The Cornwall and West Devon Mining Landscape is a cultural UNESCO World Heritage Site in the UK. This site was inscribed in 2006 as a cultural landscape and a mining area that is impacted and formed through human activity and innovation. This region was transformed because of the mining activity in the area in the 18th and 19th centuries. Specifically, copper and tin were mined at the Cornwall and West Devon Mining Landscape. In addition, it was also this time when steam technology was innovated.
The Cornwall and West Devon Mining Landscape consists of ruined mines, engine houses, canals, and railways. But the cultural significance of this site extends beyond this region. The Cornish miners who migrated to various parts of the world also brought their influences from the mining activity in the area to other parts of the world. Hence, its influence is not just limited by the geographical location.
About the Cornwall and West Devon Mining Landscape
The history of the Cornwall and West Devon Mining Landscape goes back to the 16th century. During this time, Cornwall and Devon were both involved in mining. However, they were only producing tin and copper in small amounts. It was in the 18th and 19th century when deep-lode mining was introduced into the region when the production of copper and tin took off.
By the early 19th century, the Cornwall and West Devon Mining Landscape saw the building of various structures that were linked to mining. These structures included engine houses, smallholdings, new towns, ancillary industries, underground mines, foundries, ports, and harbours. These structures facilitated more innovation in the 19th century that enabled the area to produce two-thirds of the total production of copper in the world. By the end of the 19th century, arsenic production also rose within these mines and is responsible for half of the supply all over the world.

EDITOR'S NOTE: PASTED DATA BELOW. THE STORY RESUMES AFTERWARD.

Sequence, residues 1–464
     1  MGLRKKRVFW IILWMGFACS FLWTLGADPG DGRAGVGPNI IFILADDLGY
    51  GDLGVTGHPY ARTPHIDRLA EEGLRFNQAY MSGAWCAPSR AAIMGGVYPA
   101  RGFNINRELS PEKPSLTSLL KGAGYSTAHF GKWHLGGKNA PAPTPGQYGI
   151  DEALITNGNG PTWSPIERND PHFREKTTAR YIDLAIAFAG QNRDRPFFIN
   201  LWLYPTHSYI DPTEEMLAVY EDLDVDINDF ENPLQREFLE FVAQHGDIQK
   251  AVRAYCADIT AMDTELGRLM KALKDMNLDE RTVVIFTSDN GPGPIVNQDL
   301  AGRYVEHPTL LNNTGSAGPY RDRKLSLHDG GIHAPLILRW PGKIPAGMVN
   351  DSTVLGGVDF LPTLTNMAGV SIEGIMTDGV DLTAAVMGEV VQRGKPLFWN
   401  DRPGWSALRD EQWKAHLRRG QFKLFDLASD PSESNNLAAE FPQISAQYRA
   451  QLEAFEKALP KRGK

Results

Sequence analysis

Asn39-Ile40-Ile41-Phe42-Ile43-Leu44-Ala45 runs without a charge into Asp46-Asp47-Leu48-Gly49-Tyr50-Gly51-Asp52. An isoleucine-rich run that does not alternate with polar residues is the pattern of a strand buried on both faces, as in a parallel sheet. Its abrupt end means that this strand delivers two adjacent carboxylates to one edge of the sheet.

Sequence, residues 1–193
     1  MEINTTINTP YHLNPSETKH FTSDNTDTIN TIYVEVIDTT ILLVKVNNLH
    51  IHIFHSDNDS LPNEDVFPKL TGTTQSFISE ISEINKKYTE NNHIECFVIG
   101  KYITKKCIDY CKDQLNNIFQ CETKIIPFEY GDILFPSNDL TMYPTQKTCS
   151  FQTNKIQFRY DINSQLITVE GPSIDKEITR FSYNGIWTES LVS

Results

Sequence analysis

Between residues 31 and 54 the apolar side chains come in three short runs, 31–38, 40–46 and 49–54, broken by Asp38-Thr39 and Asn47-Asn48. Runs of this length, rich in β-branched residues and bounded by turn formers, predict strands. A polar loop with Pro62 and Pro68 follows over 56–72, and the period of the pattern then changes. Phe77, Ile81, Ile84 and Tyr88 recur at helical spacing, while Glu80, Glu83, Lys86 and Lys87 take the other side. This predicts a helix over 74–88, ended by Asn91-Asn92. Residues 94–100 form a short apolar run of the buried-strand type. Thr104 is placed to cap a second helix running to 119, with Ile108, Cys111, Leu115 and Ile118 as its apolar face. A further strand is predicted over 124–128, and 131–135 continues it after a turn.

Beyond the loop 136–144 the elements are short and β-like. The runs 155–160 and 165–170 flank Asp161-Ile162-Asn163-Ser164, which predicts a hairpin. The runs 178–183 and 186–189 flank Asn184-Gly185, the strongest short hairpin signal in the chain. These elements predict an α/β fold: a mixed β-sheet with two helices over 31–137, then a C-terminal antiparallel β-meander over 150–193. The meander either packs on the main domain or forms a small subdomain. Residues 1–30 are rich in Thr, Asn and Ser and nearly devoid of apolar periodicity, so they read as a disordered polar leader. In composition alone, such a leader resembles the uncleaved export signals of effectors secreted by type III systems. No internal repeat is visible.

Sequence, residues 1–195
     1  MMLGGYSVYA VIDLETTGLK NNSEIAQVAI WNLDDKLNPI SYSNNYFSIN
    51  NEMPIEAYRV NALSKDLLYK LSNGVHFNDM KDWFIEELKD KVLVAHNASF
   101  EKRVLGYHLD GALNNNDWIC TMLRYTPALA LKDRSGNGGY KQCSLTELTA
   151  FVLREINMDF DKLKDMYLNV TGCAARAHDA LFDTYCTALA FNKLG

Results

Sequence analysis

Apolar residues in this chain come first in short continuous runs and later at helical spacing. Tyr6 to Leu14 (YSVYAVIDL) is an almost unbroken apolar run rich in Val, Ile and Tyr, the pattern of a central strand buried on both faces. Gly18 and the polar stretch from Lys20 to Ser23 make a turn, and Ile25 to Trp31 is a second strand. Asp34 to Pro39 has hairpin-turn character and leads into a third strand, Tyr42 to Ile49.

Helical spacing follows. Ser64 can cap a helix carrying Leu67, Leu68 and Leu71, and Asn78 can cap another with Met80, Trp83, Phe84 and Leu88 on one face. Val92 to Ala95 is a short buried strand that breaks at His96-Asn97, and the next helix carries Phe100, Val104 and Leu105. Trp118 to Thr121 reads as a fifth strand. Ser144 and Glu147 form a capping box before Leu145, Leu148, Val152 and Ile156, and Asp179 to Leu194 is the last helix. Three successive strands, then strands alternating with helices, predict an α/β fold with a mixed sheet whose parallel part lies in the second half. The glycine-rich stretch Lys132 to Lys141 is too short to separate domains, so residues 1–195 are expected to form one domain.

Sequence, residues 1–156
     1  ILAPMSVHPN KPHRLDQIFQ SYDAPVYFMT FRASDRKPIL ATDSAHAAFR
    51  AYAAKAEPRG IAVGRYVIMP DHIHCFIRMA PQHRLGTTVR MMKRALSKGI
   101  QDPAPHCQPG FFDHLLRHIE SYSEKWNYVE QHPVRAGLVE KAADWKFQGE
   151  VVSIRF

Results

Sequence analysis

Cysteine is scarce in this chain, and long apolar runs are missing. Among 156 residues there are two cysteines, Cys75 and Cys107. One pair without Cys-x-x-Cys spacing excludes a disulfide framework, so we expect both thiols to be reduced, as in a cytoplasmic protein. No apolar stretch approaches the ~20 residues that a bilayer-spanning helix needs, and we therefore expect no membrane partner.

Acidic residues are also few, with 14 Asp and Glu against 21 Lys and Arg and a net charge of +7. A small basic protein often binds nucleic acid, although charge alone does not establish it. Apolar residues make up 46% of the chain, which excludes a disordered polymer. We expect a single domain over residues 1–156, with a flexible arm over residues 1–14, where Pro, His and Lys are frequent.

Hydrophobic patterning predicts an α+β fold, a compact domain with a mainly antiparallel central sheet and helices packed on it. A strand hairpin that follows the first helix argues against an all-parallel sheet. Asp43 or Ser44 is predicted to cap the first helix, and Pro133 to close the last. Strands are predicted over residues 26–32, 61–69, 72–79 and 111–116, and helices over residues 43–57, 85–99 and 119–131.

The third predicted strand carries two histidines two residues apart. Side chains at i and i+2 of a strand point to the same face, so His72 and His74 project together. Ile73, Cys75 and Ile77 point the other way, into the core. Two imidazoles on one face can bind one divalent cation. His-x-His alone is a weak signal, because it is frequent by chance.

The mining landscape in Cornwall and Devon took another major breakthrough with the innovation of steam technology. It brought radical transformation to the hard-rock mining fortunes in the region. The steam technology was a collaborative work of engineers Arthur Woolf and Richard Trevithick. The new technology enabled mining production to become more efficient and fast to meet the growing demand of the times.
The growth of Cornwall and West Devon Mining Landscape had invited mine workers to migrate to Cornwall. During the early 19th century, there are several mining communities in the region. The Cornish mining tradition reached its zenith in the latter part of the 19th century. Over the years, many of the mine workers from Cornwall that have migrated to other parts of the world also brought with them the knowledge and technologies that was introduced in the Cornwall and West Devon Mining Landscape. The distinctive Cornish-designed engine houses can therefore be seen in other parts of the world such as England, Wales, Ireland, Scotland, Isle of Man, Channel Islands, Spain, Australia, New Zealand, and more.
In the 1860s, there was a copper crash that led to the gradual decline of the mining industry in Cornwall. At this point, production focused on tin rather than copper. The mining activities in Cornwall officially ceased in 1998. It was during this same year when South Crofty Mine, Pool had closed its operation. This was the last tin mine that operated in Europe during this time.
View my complete list of UNESCO World Heritage Sites in the UK.
View my complete list of UNESCO World Heritage Sites.